Friday, May 11, 2012


The website of Jonathan Slack of the UK,, has an extensive review of the new Leica M Monochrome camera.

 Henry - The Leica M Monochrom

Having had the opportunity to test an M9 prototype before it’s launch in 2009, it was great to have a similar chance to test the new M Monochrom.

The idea of these pages is to give you an idea of the benefits and the operation of the Monochrom, a discussion of the pros and cons, and to show some photographs taken with the camera. It’s not intended as a proper review - there are many others who will do that, besides, my job is to report problems to Leica rather than the world in general!

Generally speaking, clicking on one of the images will link you to a gallery with a larger version of the image. It’s worth noting that these images were all taken with pre-production firmware on a prototype camera, and may not be representative of images from the final production camera.
From my own point of view it was excellent that Henri arrived the day before I was due to fly to China for a fortnight. We were visiting our son, who has been working in China teaching English, and who has enough Chinese to make things a great deal easier. . . . . When I was testing the M9, the code name was P8, but the Monochrom has been called Henri.

M9 Monochrom with Leica 75mm Summicron asph 1/75th f/4 ISO 320

    Why a Black and White camera?

Back in the early days of digital cameras - when Kodak ruled the world with cameras costing tens of thousands of dollars, they produced a 6mp black and white sensor behemoth based on the Nikon F5. The Kodak DCS 760M.

There is a very good write up of this camera by Pete Myers on Luminous Landscape . In those days the demosaicing process was not as good as it is now, and that camera produced 2 or 3 times the definition of the normal colour camera.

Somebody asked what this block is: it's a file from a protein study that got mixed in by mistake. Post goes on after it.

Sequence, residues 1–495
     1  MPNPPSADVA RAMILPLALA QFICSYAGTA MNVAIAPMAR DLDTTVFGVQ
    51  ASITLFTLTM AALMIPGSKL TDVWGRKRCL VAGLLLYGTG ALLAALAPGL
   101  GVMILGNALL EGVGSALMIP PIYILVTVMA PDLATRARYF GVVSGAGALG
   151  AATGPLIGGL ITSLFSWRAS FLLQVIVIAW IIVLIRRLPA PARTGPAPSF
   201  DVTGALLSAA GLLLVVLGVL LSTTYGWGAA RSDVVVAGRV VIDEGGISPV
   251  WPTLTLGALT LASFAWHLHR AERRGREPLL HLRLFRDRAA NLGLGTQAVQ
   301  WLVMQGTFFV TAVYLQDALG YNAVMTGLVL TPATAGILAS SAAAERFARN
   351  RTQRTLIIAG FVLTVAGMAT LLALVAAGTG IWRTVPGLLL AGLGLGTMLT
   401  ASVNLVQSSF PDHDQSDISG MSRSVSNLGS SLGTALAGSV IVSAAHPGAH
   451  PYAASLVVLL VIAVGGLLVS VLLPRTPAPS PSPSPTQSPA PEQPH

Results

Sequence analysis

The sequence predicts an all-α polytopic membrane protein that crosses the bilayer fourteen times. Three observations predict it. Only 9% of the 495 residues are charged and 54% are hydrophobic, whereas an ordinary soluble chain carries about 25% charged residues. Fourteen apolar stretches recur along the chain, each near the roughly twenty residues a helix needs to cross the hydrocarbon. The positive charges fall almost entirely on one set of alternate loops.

With a colour camera (the M9 and M9p included) the sensor itself can only detect the intensity of light, but it has a colour filter array to allow it to create colour images. The process of converting the image to colour is called demosaicing - This calculates the colour for each pixel based on the colour filter, and the results from the surrounding pixels. The colour filter array reduces the amount of light reaching the pixels by around 1 stop, and the demosaicing process has an effect on the resolution because of the combining of information.

With a Monochrome camera, you don’t need the colour filter array, This means that each pixel gets the maximum amount of light thus improving the high ISO characteristics of the camera and the dynamic range. As there is no demosaicing process there is no loss of resolution - each pixel is represented directly in the final image.

Of course, there is also a downside: Many of us have become used to converting colour files to Monochrome using the channel mixer in our processing software. This, in effect, allows us to apply filters to our images after the event. With a full monochrome camera, if you want a red filter, you need to put it on the lens rather than relying on Silver Efex Pro.

Many photographers have asked for a black and white camera over the intervening years, but only Phase have produced such a machine - and this a very expensive medium format back; the Phase One Acromatic+.  I think it’s a brave and imaginative move for Leica to produce such an interesting and unique camera, and I’m sure it’ll sell extremely well to many dedicated black and white photographers

M9 Monochrom with Leica 50mm Summilux asph 1/500th f/6.7 ISO 320 

    The Camera itself

The camera is just like the Leica M9-P, except that it says MONOCHROM on the hotshoe rather than M9-P, in addition (well, in subtraction perhaps) there is no writing on the top plate, an
red dot. In fact, apart from the hotshoe, the only writing on the camera body is the standard: LEICA CAMERA  MADE IN GERMANY on the back of the top-plate.

The camera is available in Black Chrome -  the ultimate stealth camera - nowhere for the gaffer tape users here!